The distribution of the thermally tolerant symbiont lineage (Symbiodinium clade D) in corals from Hawaii: correlations with host and the history of ocean thermal stress

Authors

  • Michael Stat,

    Corresponding author
    1. Australian Institute of Marine Science, Crawley, Western Australia, Australia
    2. CSIRO Marine and Atmospheric Research, Wembley, Western Australia, Australia
    • The UWA Oceans Institute and Centre for Microscopy, Characterisation and Analysis, The University of Western Australia, Crawley, Western Australia, Australia
    Search for more papers by this author
  • Xavier Pochon,

    1. The Cawthron Institute, Nelson, New Zealand
    Search for more papers by this author
  • Erik C. Franklin,

    1. Hawaii Institute of Marine Biology, School of Ocean and Earth Science and Technology, University of Hawaii, Kaneohe, Hawaii
    Search for more papers by this author
  • John F. Bruno,

    1. Department of Biology, The University of North Carolina at Chapel Hill, Chapel Hill, North Carolina
    Search for more papers by this author
  • Kenneth S. Casey,

    1. National Oceanographic Data Center, National Oceanic and Atmospheric Administration, Silver Spring, Maryland
    Search for more papers by this author
  • Elizabeth R. Selig,

    1. The Betty and Gordon Moore Center for Ecosystem Science and Economics, Conservation International, Arlington, Virginia
    Search for more papers by this author
  • Ruth D. Gates

    1. Hawaii Institute of Marine Biology, School of Ocean and Earth Science and Technology, University of Hawaii, Kaneohe, Hawaii
    Search for more papers by this author

Correspondence

Michael Stat, The UWA Oceans Institute and Centre for Microscopy, Characterisation and Analysis, The University of Western Australia, 35 Stirling Hwy, Crawley, Western Australia, Australia 6009. Tel: +61-08-6369-4077; Fax: +61-08-6369-4585; E-mail: michael.stat@uwa.edu.au

Abstract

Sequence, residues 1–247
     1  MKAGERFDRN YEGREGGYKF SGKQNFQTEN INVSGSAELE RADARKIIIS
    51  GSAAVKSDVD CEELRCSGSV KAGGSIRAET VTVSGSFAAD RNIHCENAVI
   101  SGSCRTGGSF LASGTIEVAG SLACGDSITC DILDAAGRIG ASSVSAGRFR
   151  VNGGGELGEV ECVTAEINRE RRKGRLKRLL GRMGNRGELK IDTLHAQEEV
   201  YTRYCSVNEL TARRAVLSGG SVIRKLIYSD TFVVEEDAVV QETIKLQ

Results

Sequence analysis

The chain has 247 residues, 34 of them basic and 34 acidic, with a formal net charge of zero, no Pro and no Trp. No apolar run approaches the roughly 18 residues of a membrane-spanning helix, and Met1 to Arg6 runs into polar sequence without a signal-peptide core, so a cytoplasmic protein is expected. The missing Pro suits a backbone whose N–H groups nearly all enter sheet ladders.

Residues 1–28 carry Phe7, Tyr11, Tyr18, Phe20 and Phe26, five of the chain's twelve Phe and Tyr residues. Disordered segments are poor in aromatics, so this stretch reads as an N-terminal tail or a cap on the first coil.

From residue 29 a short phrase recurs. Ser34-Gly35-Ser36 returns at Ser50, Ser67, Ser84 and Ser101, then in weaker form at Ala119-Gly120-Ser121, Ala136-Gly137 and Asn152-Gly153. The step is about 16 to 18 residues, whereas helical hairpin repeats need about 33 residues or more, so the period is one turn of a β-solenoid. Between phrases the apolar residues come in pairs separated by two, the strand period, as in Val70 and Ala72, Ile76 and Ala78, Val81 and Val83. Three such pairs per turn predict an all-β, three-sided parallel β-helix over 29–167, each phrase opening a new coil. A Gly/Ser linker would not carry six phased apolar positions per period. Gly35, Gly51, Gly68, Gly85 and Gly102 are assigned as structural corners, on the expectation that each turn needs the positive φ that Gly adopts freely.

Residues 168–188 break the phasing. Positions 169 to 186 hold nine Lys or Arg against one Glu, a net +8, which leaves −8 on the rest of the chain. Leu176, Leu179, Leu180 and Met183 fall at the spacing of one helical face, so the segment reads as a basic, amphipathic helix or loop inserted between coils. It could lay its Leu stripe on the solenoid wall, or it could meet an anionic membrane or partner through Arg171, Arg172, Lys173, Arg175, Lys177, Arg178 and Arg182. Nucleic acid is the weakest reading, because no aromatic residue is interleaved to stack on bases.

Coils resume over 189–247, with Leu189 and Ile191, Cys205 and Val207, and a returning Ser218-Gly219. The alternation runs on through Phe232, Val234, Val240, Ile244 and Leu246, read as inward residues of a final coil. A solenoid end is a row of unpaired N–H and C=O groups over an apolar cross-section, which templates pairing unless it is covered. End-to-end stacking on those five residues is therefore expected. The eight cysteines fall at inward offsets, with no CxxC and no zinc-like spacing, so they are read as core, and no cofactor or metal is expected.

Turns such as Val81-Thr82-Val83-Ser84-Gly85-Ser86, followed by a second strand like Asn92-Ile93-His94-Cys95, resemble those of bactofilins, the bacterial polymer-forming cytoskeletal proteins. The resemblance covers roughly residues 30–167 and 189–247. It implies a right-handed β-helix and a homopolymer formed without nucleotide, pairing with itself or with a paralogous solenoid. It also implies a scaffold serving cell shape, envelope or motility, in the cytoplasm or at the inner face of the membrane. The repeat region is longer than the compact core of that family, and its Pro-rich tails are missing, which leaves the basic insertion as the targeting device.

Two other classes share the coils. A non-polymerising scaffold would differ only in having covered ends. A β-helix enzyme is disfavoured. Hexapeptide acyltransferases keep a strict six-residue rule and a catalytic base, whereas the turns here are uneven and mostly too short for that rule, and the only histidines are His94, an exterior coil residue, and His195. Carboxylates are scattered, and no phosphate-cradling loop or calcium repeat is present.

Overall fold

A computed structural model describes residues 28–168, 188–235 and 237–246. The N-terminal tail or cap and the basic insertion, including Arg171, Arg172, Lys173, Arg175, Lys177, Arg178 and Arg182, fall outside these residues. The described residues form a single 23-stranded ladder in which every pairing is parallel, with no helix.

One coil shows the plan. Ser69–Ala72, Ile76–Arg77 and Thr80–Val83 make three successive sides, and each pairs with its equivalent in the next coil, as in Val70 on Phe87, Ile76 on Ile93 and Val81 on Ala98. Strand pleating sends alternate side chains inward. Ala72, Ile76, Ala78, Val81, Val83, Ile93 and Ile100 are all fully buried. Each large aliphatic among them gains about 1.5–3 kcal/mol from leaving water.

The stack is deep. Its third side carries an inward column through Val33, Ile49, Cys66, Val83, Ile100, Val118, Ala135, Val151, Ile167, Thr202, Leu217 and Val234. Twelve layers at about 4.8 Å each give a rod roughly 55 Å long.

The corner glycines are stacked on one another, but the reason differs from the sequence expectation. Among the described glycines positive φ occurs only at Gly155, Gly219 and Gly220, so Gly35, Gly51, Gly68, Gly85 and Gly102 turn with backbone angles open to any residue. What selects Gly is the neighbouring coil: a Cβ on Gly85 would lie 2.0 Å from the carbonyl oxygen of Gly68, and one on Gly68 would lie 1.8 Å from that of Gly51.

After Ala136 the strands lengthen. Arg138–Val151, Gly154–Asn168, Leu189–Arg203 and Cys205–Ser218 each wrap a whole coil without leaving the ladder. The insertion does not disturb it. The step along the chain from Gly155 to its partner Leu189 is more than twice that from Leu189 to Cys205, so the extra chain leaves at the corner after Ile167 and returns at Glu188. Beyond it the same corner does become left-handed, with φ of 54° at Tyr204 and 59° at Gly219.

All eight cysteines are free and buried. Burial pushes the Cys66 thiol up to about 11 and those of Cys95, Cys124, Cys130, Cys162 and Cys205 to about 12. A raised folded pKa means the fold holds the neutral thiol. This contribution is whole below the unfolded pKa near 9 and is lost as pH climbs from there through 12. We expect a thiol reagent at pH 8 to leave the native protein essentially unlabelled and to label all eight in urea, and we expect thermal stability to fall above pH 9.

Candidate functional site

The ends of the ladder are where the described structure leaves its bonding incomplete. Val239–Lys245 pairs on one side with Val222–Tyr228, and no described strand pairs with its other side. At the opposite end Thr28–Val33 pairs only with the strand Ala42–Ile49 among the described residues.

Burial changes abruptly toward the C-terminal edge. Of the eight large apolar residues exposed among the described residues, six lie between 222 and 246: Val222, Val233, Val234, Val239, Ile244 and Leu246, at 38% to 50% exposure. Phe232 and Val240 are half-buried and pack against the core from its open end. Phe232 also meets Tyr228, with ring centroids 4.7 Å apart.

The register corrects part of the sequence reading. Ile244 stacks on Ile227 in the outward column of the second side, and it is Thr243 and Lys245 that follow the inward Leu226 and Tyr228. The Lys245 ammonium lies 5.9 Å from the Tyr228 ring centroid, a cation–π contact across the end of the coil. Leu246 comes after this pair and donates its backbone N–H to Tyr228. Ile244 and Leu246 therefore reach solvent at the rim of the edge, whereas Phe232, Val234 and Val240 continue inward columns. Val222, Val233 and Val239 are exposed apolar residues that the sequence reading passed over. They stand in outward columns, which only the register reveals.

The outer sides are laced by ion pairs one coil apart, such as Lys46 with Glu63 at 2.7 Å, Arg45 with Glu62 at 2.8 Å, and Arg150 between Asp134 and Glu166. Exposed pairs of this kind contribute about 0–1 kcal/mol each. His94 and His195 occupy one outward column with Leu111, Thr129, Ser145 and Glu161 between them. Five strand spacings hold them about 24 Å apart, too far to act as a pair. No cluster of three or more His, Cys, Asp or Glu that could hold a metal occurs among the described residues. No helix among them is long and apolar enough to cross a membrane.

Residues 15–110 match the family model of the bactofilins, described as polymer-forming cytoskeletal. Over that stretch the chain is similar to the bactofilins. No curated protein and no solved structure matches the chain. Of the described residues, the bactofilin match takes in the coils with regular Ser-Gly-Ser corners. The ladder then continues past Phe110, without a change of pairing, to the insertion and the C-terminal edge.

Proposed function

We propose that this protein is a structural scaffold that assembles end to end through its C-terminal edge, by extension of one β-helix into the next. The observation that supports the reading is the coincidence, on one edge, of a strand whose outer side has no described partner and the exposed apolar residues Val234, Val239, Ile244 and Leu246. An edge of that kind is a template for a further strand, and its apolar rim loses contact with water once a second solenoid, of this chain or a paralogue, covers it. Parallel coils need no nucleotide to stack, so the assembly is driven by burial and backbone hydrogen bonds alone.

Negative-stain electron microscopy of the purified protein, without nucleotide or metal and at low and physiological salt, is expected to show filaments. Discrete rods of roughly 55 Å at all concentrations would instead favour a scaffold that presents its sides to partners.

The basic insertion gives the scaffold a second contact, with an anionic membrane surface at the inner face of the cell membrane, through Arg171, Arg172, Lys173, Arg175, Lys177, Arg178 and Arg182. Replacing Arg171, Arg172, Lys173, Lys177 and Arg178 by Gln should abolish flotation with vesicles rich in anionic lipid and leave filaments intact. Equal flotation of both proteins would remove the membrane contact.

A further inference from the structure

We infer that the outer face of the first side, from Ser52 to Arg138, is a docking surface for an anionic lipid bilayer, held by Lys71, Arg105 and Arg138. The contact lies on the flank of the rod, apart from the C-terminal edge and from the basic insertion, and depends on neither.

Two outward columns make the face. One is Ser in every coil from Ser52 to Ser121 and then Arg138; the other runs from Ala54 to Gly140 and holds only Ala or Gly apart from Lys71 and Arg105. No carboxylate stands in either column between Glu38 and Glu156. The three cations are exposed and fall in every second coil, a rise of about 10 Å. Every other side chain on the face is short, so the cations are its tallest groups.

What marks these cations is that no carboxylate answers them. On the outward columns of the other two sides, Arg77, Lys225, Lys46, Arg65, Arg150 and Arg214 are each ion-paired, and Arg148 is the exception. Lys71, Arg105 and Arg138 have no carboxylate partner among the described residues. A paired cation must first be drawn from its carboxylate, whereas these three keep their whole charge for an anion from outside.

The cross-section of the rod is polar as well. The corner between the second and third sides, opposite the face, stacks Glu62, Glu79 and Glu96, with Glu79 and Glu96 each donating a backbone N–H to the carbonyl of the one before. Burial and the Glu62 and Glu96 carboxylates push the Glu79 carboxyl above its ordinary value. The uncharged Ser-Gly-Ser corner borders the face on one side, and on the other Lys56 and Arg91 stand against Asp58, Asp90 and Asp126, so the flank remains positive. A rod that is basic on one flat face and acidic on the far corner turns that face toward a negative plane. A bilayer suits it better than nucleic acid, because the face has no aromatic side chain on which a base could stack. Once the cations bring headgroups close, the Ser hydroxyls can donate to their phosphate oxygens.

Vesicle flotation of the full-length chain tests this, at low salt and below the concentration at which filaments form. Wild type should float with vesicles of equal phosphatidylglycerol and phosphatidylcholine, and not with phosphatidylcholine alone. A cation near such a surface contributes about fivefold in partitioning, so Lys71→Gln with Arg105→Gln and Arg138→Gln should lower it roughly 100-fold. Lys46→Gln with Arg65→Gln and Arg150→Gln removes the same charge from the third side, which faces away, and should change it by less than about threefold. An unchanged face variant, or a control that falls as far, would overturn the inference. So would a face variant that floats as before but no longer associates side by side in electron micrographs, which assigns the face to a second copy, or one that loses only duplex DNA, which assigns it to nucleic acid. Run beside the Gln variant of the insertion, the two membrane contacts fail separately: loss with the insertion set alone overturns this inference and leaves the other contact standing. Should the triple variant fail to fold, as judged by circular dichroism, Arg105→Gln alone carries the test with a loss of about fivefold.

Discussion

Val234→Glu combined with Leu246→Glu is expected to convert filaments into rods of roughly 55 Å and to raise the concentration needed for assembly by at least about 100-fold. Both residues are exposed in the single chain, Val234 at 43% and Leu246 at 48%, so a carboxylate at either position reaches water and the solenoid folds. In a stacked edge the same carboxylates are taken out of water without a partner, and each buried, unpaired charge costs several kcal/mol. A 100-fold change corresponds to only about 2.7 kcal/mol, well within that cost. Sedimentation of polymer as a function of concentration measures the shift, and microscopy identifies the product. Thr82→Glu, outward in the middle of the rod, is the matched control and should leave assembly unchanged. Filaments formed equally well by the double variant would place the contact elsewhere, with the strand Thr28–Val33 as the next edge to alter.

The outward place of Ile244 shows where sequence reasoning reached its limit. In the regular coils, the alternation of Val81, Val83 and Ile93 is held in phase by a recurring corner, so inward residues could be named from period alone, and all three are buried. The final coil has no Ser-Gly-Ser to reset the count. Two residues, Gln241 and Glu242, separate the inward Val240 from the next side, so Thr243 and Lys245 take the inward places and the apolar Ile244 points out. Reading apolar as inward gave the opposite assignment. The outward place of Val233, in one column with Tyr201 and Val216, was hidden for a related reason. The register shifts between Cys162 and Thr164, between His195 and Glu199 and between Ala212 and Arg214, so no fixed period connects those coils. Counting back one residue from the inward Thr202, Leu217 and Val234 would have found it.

Spatially intimate symbioses, such as those between scleractinian corals and unicellular algae belonging to the genus Symbiodinium, can potentially adapt to changes in the environment by altering the taxonomic composition of their endosymbiont communities. We quantified the spatial relationship between the cumulative frequency of thermal stress anomalies (TSAs) and the taxonomic composition of Symbiodinium in the corals Montipora capitata, Porites lobata, and Porites compressa across the Hawaiian archipelago. Specifically, we investigated whether thermally tolerant clade D Symbiodinium was in greater abundance in corals from sites with high frequencies of TSAs. We recovered 2305 Symbiodinium ITS2 sequences from 242 coral colonies in lagoonal reef habitats at Pearl and Hermes Atoll, French Frigate Shoals, and Kaneohe Bay, Oahu in 2007. Sequences were grouped into 26 operational taxonomic units (OTUs) with 12 OTUs associated with Montipora and 21 with Porites. Both coral genera associated with Symbiodinium in clade C, and these co-occurred with clade D in M. capitata and clade G in P. lobata. The latter represents the first report of clade G Symbiodinium in P. lobata. In M. capitata (but not Porites spp.), there was a significant correlation between the presence of Symbiodinium in clade D and a thermal history characterized by high cumulative frequency of TSAs. The endogenous community composition of Symbiodinium and an association with clade D symbionts after long-term thermal disturbance appear strongly dependent on the taxa of the coral host.

Ancillary